Dr. Candice Goucher

Phone: (360) 546-9469
Fax: (360) 546-9036
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Dr. Candice Goucher is Professor of History and co-directs the Collective for Social and Environmental Justice at Washington State University, Vancouver, where she has taught since Fall of 2000. Previously she chaired the Black Studies Department at Portland State University, in Portland, Oregon.

Trained as a historian and archaeologist, she has conducted research in West Africa, the Caribbean, Mauritius, and the Northwest. She holds a masters degree in art history & archaeology from Columbia University and a PhD in African History from UCLA. In 2015, she was awarded the "Pioneer in World History" prize from the World History Association. Among her publications and films are the co-authored volumes (with Linda Walton)World History: Journeys from Past to Present [1st edition, 2008] (London: Routledge, 2013), translated into Chinese, Korean, and Portuguese; In the Balance: Themes in Global History (McGraw-Hill, 1998); and the video The Blooms of Banjeli: Technology and Gender in West-African Iron-Making (Documentary EducationalResources,1986), which won the Society for Visual Anthropology Award of Excellence. She was one of two lead scholars for the project Bridging World History (funded by a $2.28 Million grant from Annenberg / Corporation for Public Broadcasting), which is a 26-part video series and interactive website, with more than 290,000 unique visitors annually. She served on the Board of Editors for the 7-volume Cambridge History of the World (Cambridge University Press) and co-edited (with Graeme Barker, Cambridge) Vol. 2: A World with Agriculture.  Her recent book Congotay! Congotay! A Global History of Caribbean Food (New York: Routledge, 2014) won the 2015 Gourmand Award for Best Book on Caribbean Food (national).In 2014-15, she was named the Trent R. Dames Fellow in the History of Civil Engineering at the Huntington Library in support of her next project, Memory of Iron,  a history of African ironworking in the Atlantic world.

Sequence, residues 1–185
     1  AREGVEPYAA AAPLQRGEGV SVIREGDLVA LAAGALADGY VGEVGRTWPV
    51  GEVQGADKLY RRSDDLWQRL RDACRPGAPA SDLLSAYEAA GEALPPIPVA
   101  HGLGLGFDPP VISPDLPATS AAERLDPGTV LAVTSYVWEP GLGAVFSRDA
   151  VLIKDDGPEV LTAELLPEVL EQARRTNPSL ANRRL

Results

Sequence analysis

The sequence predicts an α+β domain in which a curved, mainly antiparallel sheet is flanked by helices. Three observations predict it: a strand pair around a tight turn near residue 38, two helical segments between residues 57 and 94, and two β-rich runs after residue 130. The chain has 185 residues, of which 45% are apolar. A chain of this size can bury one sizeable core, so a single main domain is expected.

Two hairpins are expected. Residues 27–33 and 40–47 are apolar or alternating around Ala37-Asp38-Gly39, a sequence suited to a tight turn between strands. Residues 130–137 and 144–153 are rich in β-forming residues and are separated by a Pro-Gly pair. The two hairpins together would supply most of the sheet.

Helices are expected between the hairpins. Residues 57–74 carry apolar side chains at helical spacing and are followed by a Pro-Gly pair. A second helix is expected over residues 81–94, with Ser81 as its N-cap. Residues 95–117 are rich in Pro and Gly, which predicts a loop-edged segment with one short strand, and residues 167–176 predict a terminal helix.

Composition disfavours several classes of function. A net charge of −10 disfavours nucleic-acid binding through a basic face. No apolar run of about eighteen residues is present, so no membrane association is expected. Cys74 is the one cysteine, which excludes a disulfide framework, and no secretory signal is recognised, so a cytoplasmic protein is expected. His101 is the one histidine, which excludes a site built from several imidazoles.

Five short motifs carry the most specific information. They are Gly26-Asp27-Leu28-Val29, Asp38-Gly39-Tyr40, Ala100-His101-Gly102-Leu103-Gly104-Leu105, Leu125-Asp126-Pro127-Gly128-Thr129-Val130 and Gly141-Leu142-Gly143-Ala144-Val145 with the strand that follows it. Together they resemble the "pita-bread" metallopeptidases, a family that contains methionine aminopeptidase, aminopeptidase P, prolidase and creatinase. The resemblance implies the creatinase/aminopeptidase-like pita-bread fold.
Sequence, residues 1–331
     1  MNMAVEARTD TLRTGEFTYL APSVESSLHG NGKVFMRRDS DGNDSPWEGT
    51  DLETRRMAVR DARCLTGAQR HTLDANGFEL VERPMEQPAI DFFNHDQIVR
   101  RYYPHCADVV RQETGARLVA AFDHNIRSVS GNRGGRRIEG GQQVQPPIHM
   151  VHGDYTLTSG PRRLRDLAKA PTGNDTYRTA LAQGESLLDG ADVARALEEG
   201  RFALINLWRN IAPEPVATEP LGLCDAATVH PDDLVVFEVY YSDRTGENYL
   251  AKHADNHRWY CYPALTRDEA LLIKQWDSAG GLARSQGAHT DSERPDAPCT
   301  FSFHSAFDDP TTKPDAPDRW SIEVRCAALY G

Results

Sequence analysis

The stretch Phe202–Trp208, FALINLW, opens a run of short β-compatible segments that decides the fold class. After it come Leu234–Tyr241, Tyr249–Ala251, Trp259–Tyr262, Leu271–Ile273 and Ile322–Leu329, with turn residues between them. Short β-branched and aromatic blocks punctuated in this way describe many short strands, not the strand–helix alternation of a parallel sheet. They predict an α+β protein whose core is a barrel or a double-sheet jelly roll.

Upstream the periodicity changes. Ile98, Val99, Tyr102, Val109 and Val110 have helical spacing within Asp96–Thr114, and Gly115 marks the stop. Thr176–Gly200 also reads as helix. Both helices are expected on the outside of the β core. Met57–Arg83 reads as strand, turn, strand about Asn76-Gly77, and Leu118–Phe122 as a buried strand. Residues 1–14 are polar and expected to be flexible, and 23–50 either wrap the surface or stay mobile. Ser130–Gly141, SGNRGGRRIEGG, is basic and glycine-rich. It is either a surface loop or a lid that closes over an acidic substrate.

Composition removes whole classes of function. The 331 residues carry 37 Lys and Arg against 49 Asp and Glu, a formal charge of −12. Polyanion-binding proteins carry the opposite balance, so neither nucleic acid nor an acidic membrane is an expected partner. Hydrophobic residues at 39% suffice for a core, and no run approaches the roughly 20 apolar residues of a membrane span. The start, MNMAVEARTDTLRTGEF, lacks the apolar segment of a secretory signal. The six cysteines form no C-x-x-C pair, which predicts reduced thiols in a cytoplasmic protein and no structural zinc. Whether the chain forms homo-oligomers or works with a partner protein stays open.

Bridging World History